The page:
The hardest thing I’ve ever had to do was tell my four children their father has died. He jumped off the Ambassador bridge that morning.
My kids and I were living at my parents for a few months after our divorce in January. My marriage of 17 years had ended sadly. Dean struggled with addiction and depression for many years. I knew he loved me and the children, but he broke all trust and was taking us all down with him.
I was a stay-at-home mom who worked part time. Dean had “checked out” of life. He gave me very little to no child support for over 2 years. My world became trying to keep my kids’ lives as normal as possible. I rented out multiple bedrooms and had my kids share. I did this just to pay bills. It got to the point where it wasn’t working anymore. I was sinking financially and had a few bad experiences. We landed up moving into my parents’ basement. Thank God! He knew we would need that.
While I was trying to keep a roof over our heads, Dean went to multiple rehab programs with no success. A few months before the tragic day, he got a job, started paying child support and spent time with the kids once a week. I was feeling very hopeful things were going to get better.
One early August morning, I got a phone call from the police. They asked if they could come over and it was regarding Dean. I had a horrible feeling, and I told my mom and we just hugged. I told the kids the police were coming and to please stay downstairs until I got them.
Two officers pulled up as I sat on the porch with my parents. They didn’t even make it to the porch, and I knew. As they told me I shrieked and sobbed. I was filled with anger, loss, abandonment and sadness all at the same time. I had no idea he was thinking of suicide. No idea whatsoever.
I knew it had to be me to tell the kids. What was I even going to say? My kids were 15, 13, 12 and 8. There was no easy way. I called them together and sat on the floor. I told them the truth. We screamed and cried and held each other. Soon, the house started filling up with loved ones and pastors. Victim services were called and supported us. We all remember feeling very numb. It was extremely traumatic.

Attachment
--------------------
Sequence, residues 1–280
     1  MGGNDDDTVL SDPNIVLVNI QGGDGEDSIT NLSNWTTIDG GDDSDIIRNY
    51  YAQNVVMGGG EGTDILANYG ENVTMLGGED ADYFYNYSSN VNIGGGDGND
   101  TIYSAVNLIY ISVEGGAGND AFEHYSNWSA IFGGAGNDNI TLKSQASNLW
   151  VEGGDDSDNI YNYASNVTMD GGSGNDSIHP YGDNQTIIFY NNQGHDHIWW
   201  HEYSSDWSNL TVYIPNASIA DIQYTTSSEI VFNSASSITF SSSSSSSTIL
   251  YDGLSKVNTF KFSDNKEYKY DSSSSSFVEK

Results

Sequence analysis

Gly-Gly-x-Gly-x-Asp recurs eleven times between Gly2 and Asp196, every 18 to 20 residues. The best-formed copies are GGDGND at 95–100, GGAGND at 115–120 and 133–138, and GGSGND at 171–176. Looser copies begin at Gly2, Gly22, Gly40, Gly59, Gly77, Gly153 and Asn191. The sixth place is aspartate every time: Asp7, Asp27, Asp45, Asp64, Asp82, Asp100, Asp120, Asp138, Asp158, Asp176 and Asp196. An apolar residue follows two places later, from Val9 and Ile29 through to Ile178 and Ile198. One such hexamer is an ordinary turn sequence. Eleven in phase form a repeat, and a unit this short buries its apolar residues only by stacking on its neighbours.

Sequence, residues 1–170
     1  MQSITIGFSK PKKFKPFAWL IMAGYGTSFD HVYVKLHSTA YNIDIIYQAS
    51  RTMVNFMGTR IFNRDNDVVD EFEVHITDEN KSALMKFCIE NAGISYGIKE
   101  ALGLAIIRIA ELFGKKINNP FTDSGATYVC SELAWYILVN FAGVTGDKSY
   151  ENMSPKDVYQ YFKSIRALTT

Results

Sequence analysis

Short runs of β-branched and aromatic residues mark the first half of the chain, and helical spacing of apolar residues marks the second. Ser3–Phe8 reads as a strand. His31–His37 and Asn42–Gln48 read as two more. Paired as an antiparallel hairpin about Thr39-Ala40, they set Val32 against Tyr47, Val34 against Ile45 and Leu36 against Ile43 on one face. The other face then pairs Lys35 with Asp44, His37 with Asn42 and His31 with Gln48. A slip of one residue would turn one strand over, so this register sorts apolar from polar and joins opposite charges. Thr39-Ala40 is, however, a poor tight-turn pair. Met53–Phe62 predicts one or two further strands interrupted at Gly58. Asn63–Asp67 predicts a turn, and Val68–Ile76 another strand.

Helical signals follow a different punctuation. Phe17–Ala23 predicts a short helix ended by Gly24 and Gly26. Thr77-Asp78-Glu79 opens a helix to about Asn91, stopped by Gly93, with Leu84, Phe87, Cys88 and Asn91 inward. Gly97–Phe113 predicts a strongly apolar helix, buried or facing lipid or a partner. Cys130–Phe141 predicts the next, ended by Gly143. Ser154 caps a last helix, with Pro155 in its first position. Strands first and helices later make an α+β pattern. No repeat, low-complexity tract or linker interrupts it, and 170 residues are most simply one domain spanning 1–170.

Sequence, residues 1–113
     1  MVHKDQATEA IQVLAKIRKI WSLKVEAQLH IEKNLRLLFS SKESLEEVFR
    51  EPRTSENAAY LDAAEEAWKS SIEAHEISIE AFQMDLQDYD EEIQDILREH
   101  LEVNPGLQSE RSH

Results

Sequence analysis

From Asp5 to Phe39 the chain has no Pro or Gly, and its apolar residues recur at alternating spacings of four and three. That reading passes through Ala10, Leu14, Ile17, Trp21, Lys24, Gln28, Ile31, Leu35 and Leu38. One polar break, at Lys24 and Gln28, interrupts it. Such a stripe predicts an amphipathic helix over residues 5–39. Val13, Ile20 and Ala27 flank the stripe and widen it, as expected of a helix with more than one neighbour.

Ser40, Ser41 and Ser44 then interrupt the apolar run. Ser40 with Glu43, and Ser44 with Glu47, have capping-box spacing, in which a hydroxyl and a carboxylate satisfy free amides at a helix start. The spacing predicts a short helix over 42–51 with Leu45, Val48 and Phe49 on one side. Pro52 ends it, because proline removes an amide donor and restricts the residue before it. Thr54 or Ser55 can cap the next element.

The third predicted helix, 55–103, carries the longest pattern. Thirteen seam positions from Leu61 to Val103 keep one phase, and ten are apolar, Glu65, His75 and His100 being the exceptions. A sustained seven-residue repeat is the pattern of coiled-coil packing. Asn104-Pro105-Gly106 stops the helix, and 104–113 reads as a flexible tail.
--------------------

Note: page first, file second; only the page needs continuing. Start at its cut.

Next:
My parents have been a gift from God to say the least. They listened and helped us all process together. They helped with funeral arrangements and in the days to come supported us and helped us grieve.
Being a family member after a suicide is tough. There is still a stigma attached to it and people don’t know how to behave or what to say. Often, it is easier to keep it a secret. My family has grown very close through this tragedy and we talk frequently about Dean. We remember the healthy times and laugh. We recall the not so healthy times and learn from them. Life goes on and thankfully we were surrounded by good people and a loving family and support system.
I am forever grateful for my faith in Christ. I hung on during those years and reminded myself that I was loved by my Creator. That He would never leave me or forsake me. My hope was and is in Jesus Christ.
God has blessed me with a wonderful husband today who has been very supportive and loving. We have a big, blended family with seven children. My children make me so proud. This year all four of my kids and I went through counselling and worked and are working through stuff. We prioritize mental health and are growing and learning. We know we are loved.